In these economic improving but still struggling times, 24/7 Wall Street has picked the twenty best run cities in America. The top five all are moderately sized cities with strong universities and high tech in their neighborhoods. Seattle with 620,778 people came in at number six and Austin, Texas with over 800,000 people came in at number nine.
1. Plano, Texas
- Population: 271,380
- Credit rating: Aaa, no outlook
- Violent crime per 1,000 people: 1.62 (2nd lowest)
- Unemployment rate: 6.9% (13th lowest)
Plano, based in the Dallas-Fort Worth metropolitan area, is the best-run city in America. Among households in the city, 14% earned over $200,000 in 2011, the fourth-highest proportion of all cities. Meanwhile, a mere 1.9% of households earned under $10,000, which was the second-lowest of all cities. The city’s 1.62 violent crimes per 1,000 people is the second-lowest of all large cities. Plano is home to many corporate headquarters, including J.C. Penney and Dr. Pepper Snapple Group. These companies are among the 10 largest employers in the city. The city appears to be largely unaffected by the housing crisis. The median home price rose by more than 5% between 2007 and 2011, while the national median price fell by more than 10%.
2. Madison, Wis.
- Population: 236,889
- Credit rating: Aaa, stable
- Violent crime per 1,000 people: 3.48 (15th lowest)
- Unemployment rate: 4.9% (2nd lowest)
Madison is home to the state capitol, as well as the University of Wisconsin’s flagship campus. In addition, the region is a base to employers in fields such as technology and healthcare. The unemployment rate of 4.9% in 2011 was the second-lowest among all large cities in the U.S. Of the city’s adult population, 54% have a bachelor’s degree, the third-highest rate among the top 100 largest cities. In December, the Madison City Council adopted a rule banning the government from using emergency reserves to fund the operating budget unless two-thirds of members vote otherwise. With the city exercising this kind of caution, it is no surprise Moody’s analytics rates madison general obligation debt as a perfect Aaa, with a stable long-term outlook.
3. Irvine, Calif.
- Population: 215,511
- Credit rating: Not rated
- Violent crime per 1,000 people: 0.56 (the lowest)
- Unemployment rate: 6.5% (tied- 11th lowest)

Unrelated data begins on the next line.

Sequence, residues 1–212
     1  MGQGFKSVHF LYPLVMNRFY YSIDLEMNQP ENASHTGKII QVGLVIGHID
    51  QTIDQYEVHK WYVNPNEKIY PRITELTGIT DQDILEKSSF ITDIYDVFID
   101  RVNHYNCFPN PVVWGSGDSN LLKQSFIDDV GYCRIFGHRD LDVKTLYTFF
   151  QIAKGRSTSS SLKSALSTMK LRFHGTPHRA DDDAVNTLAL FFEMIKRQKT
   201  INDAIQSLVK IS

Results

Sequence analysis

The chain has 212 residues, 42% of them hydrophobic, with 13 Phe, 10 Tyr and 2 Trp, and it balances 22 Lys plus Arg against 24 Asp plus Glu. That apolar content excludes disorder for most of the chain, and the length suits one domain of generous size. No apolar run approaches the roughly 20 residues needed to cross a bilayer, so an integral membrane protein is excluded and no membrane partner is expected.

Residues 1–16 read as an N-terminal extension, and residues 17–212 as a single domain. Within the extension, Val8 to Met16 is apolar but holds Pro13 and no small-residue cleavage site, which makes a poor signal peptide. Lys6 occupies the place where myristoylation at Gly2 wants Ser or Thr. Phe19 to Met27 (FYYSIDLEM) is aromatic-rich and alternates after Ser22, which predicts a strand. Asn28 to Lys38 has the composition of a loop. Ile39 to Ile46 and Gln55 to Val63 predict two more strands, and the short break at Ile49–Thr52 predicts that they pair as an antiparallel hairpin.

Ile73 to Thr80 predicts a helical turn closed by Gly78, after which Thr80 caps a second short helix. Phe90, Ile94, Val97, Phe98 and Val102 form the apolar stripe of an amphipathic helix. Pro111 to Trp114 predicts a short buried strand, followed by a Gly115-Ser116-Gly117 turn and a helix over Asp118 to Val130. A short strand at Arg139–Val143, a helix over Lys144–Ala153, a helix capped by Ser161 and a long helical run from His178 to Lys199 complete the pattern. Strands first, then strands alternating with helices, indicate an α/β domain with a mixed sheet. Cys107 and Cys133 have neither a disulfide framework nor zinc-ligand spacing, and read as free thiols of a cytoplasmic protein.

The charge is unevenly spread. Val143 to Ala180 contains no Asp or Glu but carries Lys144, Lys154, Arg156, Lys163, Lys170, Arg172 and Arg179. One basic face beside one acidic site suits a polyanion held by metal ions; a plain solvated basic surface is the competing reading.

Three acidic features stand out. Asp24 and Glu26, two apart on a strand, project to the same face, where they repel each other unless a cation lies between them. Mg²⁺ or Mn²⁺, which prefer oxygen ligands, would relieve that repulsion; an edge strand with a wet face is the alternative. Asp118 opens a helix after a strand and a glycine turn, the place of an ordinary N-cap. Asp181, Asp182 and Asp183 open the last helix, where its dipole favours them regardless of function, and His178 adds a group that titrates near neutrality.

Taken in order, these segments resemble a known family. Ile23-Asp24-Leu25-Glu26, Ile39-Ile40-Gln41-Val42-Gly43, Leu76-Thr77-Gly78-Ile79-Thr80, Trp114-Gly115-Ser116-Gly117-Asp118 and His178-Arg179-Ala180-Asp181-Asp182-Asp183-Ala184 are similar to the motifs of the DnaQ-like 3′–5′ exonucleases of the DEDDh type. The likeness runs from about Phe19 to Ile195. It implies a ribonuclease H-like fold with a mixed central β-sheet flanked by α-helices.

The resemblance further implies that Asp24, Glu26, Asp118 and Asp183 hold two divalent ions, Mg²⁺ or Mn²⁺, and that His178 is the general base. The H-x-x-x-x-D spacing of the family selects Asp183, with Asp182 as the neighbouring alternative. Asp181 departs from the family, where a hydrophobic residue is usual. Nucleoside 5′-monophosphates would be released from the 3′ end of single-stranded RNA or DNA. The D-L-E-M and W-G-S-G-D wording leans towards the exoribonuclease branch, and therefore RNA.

With almost 97% of residents aged 25 and over with at least a high school diploma, and with nearly 63% with at least a bachelor’s degree, Irvine has the most educated population of all of the 100 most populous cities. The city’s high educational attainment has translated to a highly compensated population — a whopping 18.8% of households earned more than $200,000 in the last year. Irvine has the lowest violent crime rate of all the 100 largest cities, with just 0.56 violent crimes per 1,000 people in 2011. Irvine’s government has received a lot of flack recently for its efforts to transform the Orange County Great Park, with critics arguing that more than $200 million worth of spending has gone to waste. The newly elected City Council has pledged more oversight on spending and has terminated contracts with two firms working on the project.
4. Lincoln, Neb.
- Population: 262,350
- Credit rating: Aaa, stable outlook
- Violent crime per 1,000 people: 3.71 (18th lowest)
- Unemployment rate: 3.9% (the lowest)
Lincoln’s 3.9% unemployment rate in 2011 was the lowest of all metropolitan areas in the country. The city is home to the University of Nebraska’s flagship campus, which employs more than 8,000. Like Omaha, Lincoln has been spared from the recession more than most places. Home values rose 2.7% between 2007 and 2011 compared to a 10.7% drop nationwide. In 2011, just 0.36% of Lincoln’s homes were in foreclosure, the eighth-lowest rate among large cities. Like many of the other top-rated cities, Lincoln’s general obligation debt is rated as a perfect Aaa, with a stable outlook.
5. Fremont, Calif.
- Population: 216,912
- Credit rating: Not rated
- Violent crime per 1,000 people: 1.77 (6th lowest)
- Unemployment rate: 7.5% (tied- 23rd lowest)
Fremont was incorporated in 1956, joining five towns together as a single city. The city is near the core of Silicon Valley, while also connected to San Francisco by the Bay Area Rapid Transit system. It has one of the most educated and high-earning populations in America, with over 51% of residents age 25 and older holding a college degree in 2011. That year, median household income was $92,665, the highest of any large city in the U.S. The city has an exceptionally strong manufacturing base, with almost 22% of working adults employed in the sector. Among the companies with manufacturing operations in Fremont are tech manufacturers Western Digital and Seagate Technologies, as well as electric car builder Tesla Motors.